Technology Transfer

How to Prevent Grant Proposals from Undermining Patent Protection

Did you know that you immediately forfeit your non-U.S. patent rights when you publicly disclose your invention if a priority filing date has not already been established? An invention is not patentable in the U.S. and most other countries if it was described in a publication more than one year prior to the filling date of a U.S. patent application. In order to be patentable, an invention must be novel, and therefore unpublished. Any disclosure to anyone outside The University of Toledo can be considered a publication.  

In the past, grant proposals have not been treated as publications because of the belief that they are not generally accessible to the public. However, in DuPont v. Cetus, a federal court held that an NSF grant proposal describing patentable subject matter constituted a publication because it was sufficiently accessible to interested persons. The grant was considered accessible because it had been indexed and could be obtained through a request under the Freedom of Information Act (FOIA). Since it was indexed more than one year prior to filing a patent application, it constituted a patent bar.

It is important to remember that a grant application might be considered a public disclosure that could impair future patent rights! Please keep this in mind when there is a description of a patentable invention in a grant application. In addition, correctly predicting an invention in a grant proposal, even without any supporting research data, may be sufficient to bar patentability. If possible, avoid direct and definitive predictions as to the research results, and try not to fully disclose any existing technologies by leaving out details or providing insufficient information about one or more essential steps. If it is necessary to give a detailed description of an existing or predicted invention in a grant application, the invention may need to be protected before the application is filed.

To protect your intellectual property please keeps in mind the following: 

  • If you think you have a patentable invention, contact the Patent Technology Associate in the Technology Transfer Office at 419.530.6229 to secure protection.
  • It is recommended that all of the partners in the project outside of the university enter into confidential disclosure agreements. Please use the University’s template bilateral agreement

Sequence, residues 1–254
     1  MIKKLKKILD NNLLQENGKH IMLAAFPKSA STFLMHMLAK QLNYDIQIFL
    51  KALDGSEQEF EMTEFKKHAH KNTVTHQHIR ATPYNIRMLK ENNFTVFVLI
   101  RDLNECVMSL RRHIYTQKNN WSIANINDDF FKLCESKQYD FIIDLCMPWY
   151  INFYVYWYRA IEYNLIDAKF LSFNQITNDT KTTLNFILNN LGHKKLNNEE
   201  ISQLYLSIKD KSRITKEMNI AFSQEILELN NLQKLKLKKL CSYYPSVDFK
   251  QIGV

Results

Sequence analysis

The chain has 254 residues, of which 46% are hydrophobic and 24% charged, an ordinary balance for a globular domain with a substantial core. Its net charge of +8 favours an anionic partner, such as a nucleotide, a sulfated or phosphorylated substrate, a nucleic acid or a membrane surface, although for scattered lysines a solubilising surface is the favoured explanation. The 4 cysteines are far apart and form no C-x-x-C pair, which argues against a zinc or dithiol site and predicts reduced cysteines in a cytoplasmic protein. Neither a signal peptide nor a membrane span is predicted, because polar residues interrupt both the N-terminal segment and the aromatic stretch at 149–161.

• If possible, avoid direct and definitive predictions as to the research results, and try not to fully disclose any existing technologies by leaving out details or providing insufficient information about one or more essential steps. 
  • Follow the rules of the Request for Proposals regarding confidential/proprietary information
  • If appropriate request confidential treatment in the transmittal/cover letter of the proposal. Please use the template letter found below: 

 Dear [Agency]:

The accompanying grant proposal contains information that is or may become the subject of a United States patent application and that is important to future commercial efforts based on such confidential information. Disclosure of this document and the information it contains may cause substantial harm to such commercial efforts. Accordingly, this grant proposal and the confidential information contained in it are exempt from disclosure under the Freedom of Information Act, Sections 552(b)(3) and (b)(4) of Title 5 of the United States Code and the corresponding regulations of [the Agency]. If any person or entity should request a copy of this document or any portion of it, [The University of Toledo and Applicant] ask that notices of such requests be provided to [Applicant and Patent Technology Associate at The University of Toledo] as provided in Executive Order No. 12,600. Thank you for your consideration. 

Sincerely, 

Mark W. Fox, M.S., J.D.
Patent Technology Associate
The University of Toledo
Technology Transfer
Mail Stop 218
2801 West Bancroft Street
Toledo, Ohio 43606-3390
419-530-6229 Office Phone
mark.fox@utoledo.edu

  • Specifically identify confidential information, and each individual page should be stamped "Confidential." The legend provided below should be included with the grant proposal at the time of submission. 

CONFIDENTIAL

This document, or portions of it, contains confidential information that is or may become the subject of a United States patent application and that is important to future commercial efforts based on such confidential information. Accordingly, this document and the confidential information is exempt from disclosure under the Freedom of Information Act, Sections 552(b)(3) and (b)(4) of Title 5 of the United States Code and corresponding regulations of United States Government agencies.

Last Updated: 6/26/15